Decision-makers and policy analysts from leading European think tanks and academics met in Rome to discuss the priorities and challenges of the upcoming Italian Presidency of the Council of the European Union (July-December 2014). This report offers an overview of the key themes discussed at the conference: the prospects for a more effective European economic governance and for new measures to stimulate a job-creating growth; the response to the Ukrainian crisis and its implications for the EU’s neighbourhood policy; the future of the Common Security and Defence Policy (CSDP); the reform of the EU immigration policy; the effectiveness and legitimacy of the EU leadership. For each of these priority themes, the report provides a list of recommendations about the initiatives that the Italian government can undertake during its presidency term to promote the European integration process. Read more

  1. Governing Irregular Migration and Asylum at the Borders of Europe: Between Efficiency and Protection, by Anna Triandafyllidou and Angeliki Dimitriadi (Imagining Europe No. 6) 19 May 2014, pages 33

This paper investigates recent developments in EU policy on controlling irregular migration and managing asylum at the EU’s southern borders. The paper focuses on the (im)balancing act between efficiency and protection in EU policies. Beginning by expounding the notion of governance of irregular migration and asylum, we turn to critically discuss current European border control practices with a focus on the agencies and policies in place (including the Common European Asylum System). The paper concludes by showing how the EU’s balancing act between irregular migration control and asylum management tips clearly towards the former even if it pays lip service to the latter as well as to the need of preventing the loss of human life. Read more

  1. Thinking the Unthinkable: Promoting Regional Approaches to EU Energy Policies for a More United and Effective Europe, by Christian Egenhofer and Jacques de Jong (Imagining Europe No. 7) 31 May 2014, pages 21

Regional approaches to EU energy policies have been termed the “Schengenisation” of energy, making reference to the Schengen Convention eliminating intra-European border controls. They aim to hone the effectiveness of EU energy policy objectives through enhanced policy coordination at the regional scale. Typically, this includes energy market integration while accounting for member states’ continued deployment of national-level policy instruments regarding the appropriate energy mix and the security of energy supply, which is foreseen in the EU Treaty. This report explores the potential for such regional approaches. It assesses lessons from existing initiatives to determine whether regional energy initiatives are an efficient, effective and politically acceptable approach toward reaching three EU energy policy objectives: competitiveness, supply security and sustainability. Regional approaches could possibly play an important role for governing EU renewables policy, which the European Commission has identified in the 2030 climate and energy framework as an important element for governance. Read more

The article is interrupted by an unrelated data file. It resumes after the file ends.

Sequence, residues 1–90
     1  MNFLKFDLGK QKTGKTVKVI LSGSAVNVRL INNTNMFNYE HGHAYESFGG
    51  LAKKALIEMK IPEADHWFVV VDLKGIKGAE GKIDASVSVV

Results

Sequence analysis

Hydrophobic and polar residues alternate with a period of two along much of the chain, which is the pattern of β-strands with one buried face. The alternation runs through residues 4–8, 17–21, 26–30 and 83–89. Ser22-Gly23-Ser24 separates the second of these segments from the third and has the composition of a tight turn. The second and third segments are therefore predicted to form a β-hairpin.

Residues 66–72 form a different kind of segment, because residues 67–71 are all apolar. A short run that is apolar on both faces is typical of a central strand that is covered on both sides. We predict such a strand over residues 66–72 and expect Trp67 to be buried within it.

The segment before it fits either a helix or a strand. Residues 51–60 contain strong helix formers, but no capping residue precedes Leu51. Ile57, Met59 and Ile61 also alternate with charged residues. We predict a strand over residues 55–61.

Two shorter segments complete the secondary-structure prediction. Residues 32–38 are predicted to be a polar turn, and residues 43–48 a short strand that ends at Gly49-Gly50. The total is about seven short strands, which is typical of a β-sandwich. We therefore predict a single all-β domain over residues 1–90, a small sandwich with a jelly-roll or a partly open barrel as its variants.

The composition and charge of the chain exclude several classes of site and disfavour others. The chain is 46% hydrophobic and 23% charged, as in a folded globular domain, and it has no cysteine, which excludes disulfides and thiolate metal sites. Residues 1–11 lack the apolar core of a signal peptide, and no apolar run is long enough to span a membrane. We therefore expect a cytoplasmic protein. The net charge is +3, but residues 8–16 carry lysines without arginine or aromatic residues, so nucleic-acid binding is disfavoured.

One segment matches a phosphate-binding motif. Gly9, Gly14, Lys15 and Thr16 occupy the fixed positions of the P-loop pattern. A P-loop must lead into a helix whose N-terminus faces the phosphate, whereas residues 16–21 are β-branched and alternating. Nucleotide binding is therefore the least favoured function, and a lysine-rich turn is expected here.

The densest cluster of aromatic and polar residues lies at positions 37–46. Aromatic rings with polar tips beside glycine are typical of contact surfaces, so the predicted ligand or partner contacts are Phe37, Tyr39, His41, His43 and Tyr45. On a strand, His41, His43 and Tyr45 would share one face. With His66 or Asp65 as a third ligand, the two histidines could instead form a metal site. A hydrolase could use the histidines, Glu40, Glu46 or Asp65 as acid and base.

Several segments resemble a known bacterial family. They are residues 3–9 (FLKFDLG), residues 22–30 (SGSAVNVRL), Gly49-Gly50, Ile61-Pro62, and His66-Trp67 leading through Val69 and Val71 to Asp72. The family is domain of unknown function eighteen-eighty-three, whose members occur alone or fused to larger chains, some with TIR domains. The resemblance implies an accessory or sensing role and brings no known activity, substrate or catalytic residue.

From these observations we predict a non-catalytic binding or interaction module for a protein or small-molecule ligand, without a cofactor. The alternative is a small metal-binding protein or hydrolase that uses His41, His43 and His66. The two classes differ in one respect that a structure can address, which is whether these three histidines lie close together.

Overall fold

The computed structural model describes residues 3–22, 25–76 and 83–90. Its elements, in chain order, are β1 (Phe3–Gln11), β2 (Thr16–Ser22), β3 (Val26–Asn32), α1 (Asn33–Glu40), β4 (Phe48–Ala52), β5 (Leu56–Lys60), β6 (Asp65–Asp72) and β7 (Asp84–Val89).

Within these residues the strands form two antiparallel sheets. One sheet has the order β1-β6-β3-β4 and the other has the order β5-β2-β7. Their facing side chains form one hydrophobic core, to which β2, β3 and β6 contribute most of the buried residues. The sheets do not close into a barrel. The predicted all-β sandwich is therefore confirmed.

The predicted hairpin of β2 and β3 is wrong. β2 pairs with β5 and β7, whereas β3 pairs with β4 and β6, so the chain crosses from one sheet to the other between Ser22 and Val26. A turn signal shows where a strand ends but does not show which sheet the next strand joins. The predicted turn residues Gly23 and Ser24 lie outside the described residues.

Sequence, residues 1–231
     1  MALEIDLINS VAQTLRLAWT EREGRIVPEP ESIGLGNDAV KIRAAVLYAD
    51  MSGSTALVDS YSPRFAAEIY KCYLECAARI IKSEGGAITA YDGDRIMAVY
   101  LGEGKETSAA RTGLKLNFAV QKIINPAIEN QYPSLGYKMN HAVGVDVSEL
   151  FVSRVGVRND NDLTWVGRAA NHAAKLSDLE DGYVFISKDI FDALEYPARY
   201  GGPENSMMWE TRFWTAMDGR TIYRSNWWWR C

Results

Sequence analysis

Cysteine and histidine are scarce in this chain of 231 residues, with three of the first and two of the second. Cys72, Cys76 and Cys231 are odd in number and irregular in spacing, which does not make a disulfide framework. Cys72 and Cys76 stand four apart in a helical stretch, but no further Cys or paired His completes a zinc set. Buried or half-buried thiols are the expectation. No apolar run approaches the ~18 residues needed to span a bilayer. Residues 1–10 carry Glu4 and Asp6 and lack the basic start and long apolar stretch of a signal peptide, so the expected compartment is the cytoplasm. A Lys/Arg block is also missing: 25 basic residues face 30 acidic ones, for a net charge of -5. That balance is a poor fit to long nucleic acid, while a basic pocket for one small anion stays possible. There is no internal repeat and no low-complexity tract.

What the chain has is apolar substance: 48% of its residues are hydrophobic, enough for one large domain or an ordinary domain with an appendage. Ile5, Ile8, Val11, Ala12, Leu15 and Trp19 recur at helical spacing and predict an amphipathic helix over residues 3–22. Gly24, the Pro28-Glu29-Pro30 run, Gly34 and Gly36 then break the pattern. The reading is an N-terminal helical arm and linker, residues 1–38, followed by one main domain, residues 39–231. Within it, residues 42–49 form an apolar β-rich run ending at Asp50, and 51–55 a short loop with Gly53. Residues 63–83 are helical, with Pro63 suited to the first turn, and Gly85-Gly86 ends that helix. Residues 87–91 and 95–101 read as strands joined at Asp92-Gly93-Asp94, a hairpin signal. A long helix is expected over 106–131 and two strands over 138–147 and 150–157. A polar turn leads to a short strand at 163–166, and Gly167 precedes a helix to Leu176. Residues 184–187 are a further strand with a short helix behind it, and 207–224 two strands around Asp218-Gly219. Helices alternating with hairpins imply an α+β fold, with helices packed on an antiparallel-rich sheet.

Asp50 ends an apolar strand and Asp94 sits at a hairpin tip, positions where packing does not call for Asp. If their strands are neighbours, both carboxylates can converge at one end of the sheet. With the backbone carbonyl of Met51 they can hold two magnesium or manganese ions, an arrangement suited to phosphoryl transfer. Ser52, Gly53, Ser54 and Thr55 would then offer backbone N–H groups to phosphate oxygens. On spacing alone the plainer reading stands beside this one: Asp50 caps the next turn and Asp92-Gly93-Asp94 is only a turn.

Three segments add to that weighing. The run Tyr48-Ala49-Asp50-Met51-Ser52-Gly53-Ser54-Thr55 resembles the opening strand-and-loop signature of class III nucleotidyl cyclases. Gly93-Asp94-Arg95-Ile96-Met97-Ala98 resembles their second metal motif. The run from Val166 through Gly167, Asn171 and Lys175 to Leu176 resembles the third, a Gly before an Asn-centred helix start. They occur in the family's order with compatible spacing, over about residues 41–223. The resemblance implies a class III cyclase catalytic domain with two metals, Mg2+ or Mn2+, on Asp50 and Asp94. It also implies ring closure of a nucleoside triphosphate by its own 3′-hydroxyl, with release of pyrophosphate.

1. International Security Across the Atlantic: A Longitudinal Comparison of Public Opinion in Europe and the United States, by Philip Everts, Pierangelo Isernia and Francesco Olmastroni (Transworld Working Papers No. 29) 31 May 2014, pages 26 + 35 (Annex)

The paper compares the attitudes and preferences of American and European public opinion along four major dimensions of international security: threat perceptions, sense of community, support for Atlantic partnership and institutions, and orientation toward the use of military force. After a retrospective overview of the relevance of foreign and security policy issues to the public, a thorough review of the existing polling data shows that Europeans and Americans have a similar structure of belief along these four dimensions. They have comparable perceptions of threats, domestic priorities and comparable perceptions of friends and allies and a strong affinity for each other. Europeans and Americans agree upon the relative distribution of power in the world and on the relative importance of economic versus military strength. Most Europeans and Americans are internationalists and Atlanticists. They share a belief in both the necessity and effectiveness of multilateral, common action and international institutions. The only area on which the differences in views seem to be more stable is on the suitability and acceptability of the use of military force, with Europeans giving a higher priority to soft tools than Americans. Read more

  1. European Security Post-Libya and Post-Ukraine: In Search of Core Leadership, by Jolyon Howorth (Imagining Europe No. 8) 31 May 2014, pages 36 .

The paper analyses the future governance of the Common Security and Defence Policy (CSDP). Unlike other policy areas, the main challenges for CSDP stem from the lack of a core leadership and common purpose rather than from institutional design faults. Alongside, the EU’s dysfunctional relationship with NATO has reduced the CSDP to a largely civilian crisis management endeavour in the wider EU neigbourhood. Moving forward, the EU ought to capitalize on sub-regional integration efforts in this field, while maintaining the EU as a whole as the basic reference point and common framework for deeper integration between groups of member states. Read more